This article was originally published on my Marketplace site, Invest With A Stacked Deck. It was published earlier this morning.
Yesterday, Alphabet (NASDAQ:GOOG) (GOOGL) introduced a suite of new products including new Pixel phones, the new Google Home Mini and Google Home Max, a high-end Pixelbook laptop, Google Clips, Daydream View (a VR headset), and Google Pixel Buds. However, Alphabet did not introduce a new smartwatch.
Moreover, the Android Wear section disappeared from the Google Store and its previously released LG Watch Style and LG Watch Sport are now listed as “no longer available.” It is notable that the watches are not listed as “out of stock” which implies that the watches will likely not be available again and Alphabet may be leaving the smartwatch industry.
Source: Google Store
However, it does not appear that Alphabet will totally be leaving the industry, just maybe on the hardware side. Just a few days ago, Alphabet introduced an Android Wear beta based on Android 8.0 Oreo. Interestingly, this beta release was limited to the LG Watch Sport. At this point, we are left to speculate on what these developments mean for Alphabet’s future.
Nonetheless, with Alphabet being a potential industry disrupter, it is valuable to try to piece the story together to figure out what Alphabet is planning. Yesterday, we saw an example of how Alphabet’s releases can impact companies. For example, GoPro (GPRO) has fallen quite precipitously from the Google Clips release, despite their target markets not fully overlapping. (Here is a link to my article discussing the development with GoPro). As you may recall earlier in the week, I had advocated that subscribers take their profits and sold my shares, and shares for the portfolios that I manage, at $11.60 per share.
Implications for Fitbit
If this speculation turns out to be correct, and Alphabet is leaving the hardware side of the smartwatch industry, it will certainly be a positive development for Fitbit (FIT).
First, with Apple (AAPL) being tethered to the iOS platform and Fitbit’s Ionic being available on both Android and iOS, there is a large segment of Android smartphone users that will not consider purchasing an Apple Watch. iOS only accounts for 42% of the US smartphone market, so the Apple Watch is simply not a realistic option for the majority of the US smartphone market that is considering purchasing a smartwatch.
If Alphabet leaves the hardware side of the smartwatch industry, that further reduces the competition for Android smartwatch purchasers. The other big competitor in the Android smartwatch category is Samsung (OTC:SSNLF), with its S3 Gear Sport watch. However, that watch is far behind Fitbit’s Ionic and Apple’s Series 3 in terms of its ability to track health data on a granular level. Moreover, Samsung has not been able to garner a large segment of the smartwatch market in the past, with only a 16% share, and does not appear to have the customer loyalty that FIT and AAPL enjoy.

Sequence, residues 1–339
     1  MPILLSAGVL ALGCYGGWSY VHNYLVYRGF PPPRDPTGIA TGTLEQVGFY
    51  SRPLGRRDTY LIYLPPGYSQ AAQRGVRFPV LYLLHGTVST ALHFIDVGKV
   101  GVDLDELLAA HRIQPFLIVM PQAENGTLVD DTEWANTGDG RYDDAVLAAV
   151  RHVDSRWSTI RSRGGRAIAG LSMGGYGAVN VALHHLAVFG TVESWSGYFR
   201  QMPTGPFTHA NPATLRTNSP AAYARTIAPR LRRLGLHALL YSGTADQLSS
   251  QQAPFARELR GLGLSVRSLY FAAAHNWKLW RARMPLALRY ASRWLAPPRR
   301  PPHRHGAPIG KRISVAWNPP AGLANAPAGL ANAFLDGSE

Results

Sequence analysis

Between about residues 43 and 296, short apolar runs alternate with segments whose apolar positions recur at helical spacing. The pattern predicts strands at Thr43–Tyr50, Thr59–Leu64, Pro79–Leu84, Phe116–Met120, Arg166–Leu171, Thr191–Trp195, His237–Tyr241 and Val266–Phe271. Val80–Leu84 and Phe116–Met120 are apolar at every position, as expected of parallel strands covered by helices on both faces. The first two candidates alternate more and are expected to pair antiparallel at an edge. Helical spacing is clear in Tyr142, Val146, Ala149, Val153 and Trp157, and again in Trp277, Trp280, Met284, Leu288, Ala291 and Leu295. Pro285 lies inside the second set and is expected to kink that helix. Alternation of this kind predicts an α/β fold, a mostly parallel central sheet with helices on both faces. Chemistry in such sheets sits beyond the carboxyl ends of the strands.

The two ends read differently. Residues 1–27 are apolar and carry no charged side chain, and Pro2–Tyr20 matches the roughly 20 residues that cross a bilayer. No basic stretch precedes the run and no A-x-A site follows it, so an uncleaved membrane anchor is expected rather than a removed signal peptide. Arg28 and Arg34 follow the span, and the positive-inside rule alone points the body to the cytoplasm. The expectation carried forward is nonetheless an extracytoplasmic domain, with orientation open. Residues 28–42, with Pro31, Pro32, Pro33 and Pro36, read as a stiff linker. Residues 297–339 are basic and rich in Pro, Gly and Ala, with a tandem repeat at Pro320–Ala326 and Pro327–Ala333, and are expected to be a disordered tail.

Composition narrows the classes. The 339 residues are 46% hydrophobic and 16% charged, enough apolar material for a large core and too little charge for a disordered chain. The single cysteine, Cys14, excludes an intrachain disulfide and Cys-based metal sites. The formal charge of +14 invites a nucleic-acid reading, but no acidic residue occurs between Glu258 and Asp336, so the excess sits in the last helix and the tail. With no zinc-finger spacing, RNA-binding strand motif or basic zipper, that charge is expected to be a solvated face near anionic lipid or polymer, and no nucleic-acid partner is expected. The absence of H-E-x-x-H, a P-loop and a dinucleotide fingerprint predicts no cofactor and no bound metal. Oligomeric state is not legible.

Moreover, this is again just speculation, but maybe Alphabet is considering a buyout of Fitbit to purchase its way into the hardware side of the wearables industry. Alphabet has a history of using an acquisition to enter the hardware side of an industry. Recently, Alphabet agreed to buy part of HTC Corp.’s engineering and design teams for $1.1 billion to bolster its hardware business. Analysts are speculating that this purchase was based on Alphabet’s desire to get greater control of hardware production because HTC assembled the first Pixel device.
Although Fitbit’s Ionic is running on its unique operating system, I do envision a possibility of Alphabet buying up FIT to enter this industry. At the current price of $6.53 per share, FIT’s market capitalization is just $1.52 billion and FIT has a very clean balance sheet with lots of cash so its takeover value is much lower than that. Its takeover value (a.k.a. enterprise value) is just $842.9 million so FIT surely is an acquisition target, especially when considering its tremendous brand value and the fact that it is on the verge of profitability.
At this point, there is no confirmation that Alphabet is leaving the hardware side of the smartwatch industry, but that appears to be the case. If so, FIT should benefit from less competition for Android smartphone users and the possibility of Alphabet acquiring FIT.
Disclosure: I am/we are long FIT.
I wrote this article myself, and it expresses my own opinions. I am not receiving compensation for it (other than from Seeking Alpha). I have no business relationship with any company whose stock is mentioned in this article.